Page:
A report to Langley City predicts the cost of cleaning up homeless camps will be about 10 times the amount budgeted.

Homeless camp cleanups hike City’s vandalism costs

Projected expenses are almost double the budgeted amounts, council told

Langley City will spend almost twice as much as expected on vandalism this year because the costs of cleaning up litter and repairing damage caused by the homeless has gone up.

The total amount spent on vandalism in 2016 is now projected to reach $192,600, which is about $89,500 more than budgeted.

A staff report to Monday’s council meeting said the City has “incurred significant labour and cleanup costs to address homelessness related issues in the community.”

“The primary costs were related to cleanup of homeless camps or litter (and) debris pickup that can be attributed to the homeless activities as well as pickup and disposal of shopping carts” the report said.

Within the vandalism budget, the City had allotted $7,245 for the cleanup of homeless camps this year, but the actual amount is now expected to reach $70,000.

While the report doesn’t detail the reasons for the tenfold hike, it appears much of it may be related to the removal of a tent city near 208 Street and Fraser Highway this fall.

The report estimates about 25 per cent of the money spent on other categories of vandalism, such as repairing and cleaning “deliberately damaged City infrastructure and street furniture,” and wire theft, “are related to homelessness issues.”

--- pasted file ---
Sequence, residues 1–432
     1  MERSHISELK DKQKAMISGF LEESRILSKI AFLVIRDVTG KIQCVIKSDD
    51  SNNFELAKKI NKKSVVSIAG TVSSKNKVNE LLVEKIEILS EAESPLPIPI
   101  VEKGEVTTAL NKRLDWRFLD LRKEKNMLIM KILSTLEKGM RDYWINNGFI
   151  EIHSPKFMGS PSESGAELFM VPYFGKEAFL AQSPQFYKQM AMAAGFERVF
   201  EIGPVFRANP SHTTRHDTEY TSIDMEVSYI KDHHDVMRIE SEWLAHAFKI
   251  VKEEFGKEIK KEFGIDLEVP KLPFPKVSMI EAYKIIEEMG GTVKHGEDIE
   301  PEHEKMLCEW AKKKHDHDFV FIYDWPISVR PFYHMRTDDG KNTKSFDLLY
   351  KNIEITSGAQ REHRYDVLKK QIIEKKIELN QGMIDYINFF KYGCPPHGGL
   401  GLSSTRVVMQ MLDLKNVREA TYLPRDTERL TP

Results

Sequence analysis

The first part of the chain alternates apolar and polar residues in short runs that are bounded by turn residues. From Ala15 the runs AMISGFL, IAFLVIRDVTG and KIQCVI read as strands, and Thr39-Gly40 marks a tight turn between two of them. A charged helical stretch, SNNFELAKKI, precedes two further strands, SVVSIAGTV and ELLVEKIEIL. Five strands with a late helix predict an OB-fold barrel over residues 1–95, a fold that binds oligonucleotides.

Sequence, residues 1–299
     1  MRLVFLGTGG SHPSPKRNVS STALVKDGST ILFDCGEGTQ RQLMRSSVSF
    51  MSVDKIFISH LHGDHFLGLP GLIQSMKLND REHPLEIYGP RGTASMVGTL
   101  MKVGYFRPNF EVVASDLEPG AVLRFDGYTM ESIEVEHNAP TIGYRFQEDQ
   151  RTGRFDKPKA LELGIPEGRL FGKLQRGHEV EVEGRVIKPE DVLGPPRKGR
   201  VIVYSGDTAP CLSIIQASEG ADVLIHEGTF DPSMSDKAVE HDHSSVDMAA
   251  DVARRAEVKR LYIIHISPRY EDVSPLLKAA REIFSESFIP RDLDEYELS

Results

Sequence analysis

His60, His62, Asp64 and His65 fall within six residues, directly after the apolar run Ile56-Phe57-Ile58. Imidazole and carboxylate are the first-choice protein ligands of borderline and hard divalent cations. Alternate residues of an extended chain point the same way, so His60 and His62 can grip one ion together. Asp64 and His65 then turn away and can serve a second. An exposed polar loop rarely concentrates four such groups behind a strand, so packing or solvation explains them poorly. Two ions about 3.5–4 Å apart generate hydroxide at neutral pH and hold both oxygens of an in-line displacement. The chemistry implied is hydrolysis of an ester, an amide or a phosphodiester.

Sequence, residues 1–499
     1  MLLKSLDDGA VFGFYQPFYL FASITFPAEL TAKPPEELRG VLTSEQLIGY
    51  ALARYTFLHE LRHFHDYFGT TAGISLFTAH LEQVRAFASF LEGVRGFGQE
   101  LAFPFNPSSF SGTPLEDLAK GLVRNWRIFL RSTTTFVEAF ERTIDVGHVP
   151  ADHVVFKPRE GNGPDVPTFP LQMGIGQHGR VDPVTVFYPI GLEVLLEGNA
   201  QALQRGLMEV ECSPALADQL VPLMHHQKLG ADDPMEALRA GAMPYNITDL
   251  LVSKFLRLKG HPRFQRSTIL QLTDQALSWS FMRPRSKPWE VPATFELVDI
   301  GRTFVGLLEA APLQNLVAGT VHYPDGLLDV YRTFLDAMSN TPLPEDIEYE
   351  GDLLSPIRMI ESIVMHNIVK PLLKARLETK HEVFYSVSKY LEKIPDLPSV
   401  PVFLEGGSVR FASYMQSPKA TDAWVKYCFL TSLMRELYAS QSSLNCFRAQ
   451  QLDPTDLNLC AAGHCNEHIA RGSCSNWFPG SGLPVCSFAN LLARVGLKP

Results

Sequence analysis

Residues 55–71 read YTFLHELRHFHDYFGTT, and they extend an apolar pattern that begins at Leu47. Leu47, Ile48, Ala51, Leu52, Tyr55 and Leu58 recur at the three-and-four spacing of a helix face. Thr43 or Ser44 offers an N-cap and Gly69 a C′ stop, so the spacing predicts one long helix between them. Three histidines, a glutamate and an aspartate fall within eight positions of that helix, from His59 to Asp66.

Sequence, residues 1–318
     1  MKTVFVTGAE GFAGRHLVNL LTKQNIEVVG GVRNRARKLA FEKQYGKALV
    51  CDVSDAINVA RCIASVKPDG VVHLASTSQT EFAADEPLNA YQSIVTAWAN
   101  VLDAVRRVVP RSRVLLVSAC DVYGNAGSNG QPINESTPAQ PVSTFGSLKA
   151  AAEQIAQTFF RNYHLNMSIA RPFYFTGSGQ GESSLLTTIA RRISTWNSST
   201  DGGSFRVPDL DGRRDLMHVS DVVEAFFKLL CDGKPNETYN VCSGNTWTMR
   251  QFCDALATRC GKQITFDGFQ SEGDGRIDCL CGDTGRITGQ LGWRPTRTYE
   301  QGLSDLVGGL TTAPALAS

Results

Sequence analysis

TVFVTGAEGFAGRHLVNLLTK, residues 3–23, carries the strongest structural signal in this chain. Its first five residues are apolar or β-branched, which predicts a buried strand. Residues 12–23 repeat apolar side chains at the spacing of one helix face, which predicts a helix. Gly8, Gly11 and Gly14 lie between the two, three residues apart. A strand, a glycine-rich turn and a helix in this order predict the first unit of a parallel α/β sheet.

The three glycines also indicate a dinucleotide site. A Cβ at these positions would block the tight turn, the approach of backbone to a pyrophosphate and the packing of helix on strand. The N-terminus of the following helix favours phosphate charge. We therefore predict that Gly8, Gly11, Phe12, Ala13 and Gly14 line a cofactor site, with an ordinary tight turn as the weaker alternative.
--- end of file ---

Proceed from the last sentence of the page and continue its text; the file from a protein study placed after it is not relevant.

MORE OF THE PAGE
Council approved using money from the City enterprise fund to cover the added costs.

The fund is money put aside to be used at council’s discretion to address issues that arise after a budget has been adopted.

At the Monday meeting, Mayor Ted Schaffer said new City regulations to address the use of shopping carts by the homeless are in the works.

The mayor hinted the regulations may involve a deposit or finders fee aimed at the businesses the shopping carts come from.

“I think some of these companies should take responsibility for picking them (shopping carts) up,” Schaffer said.

Schaffer said the new regulations could be ready before the end of the year.

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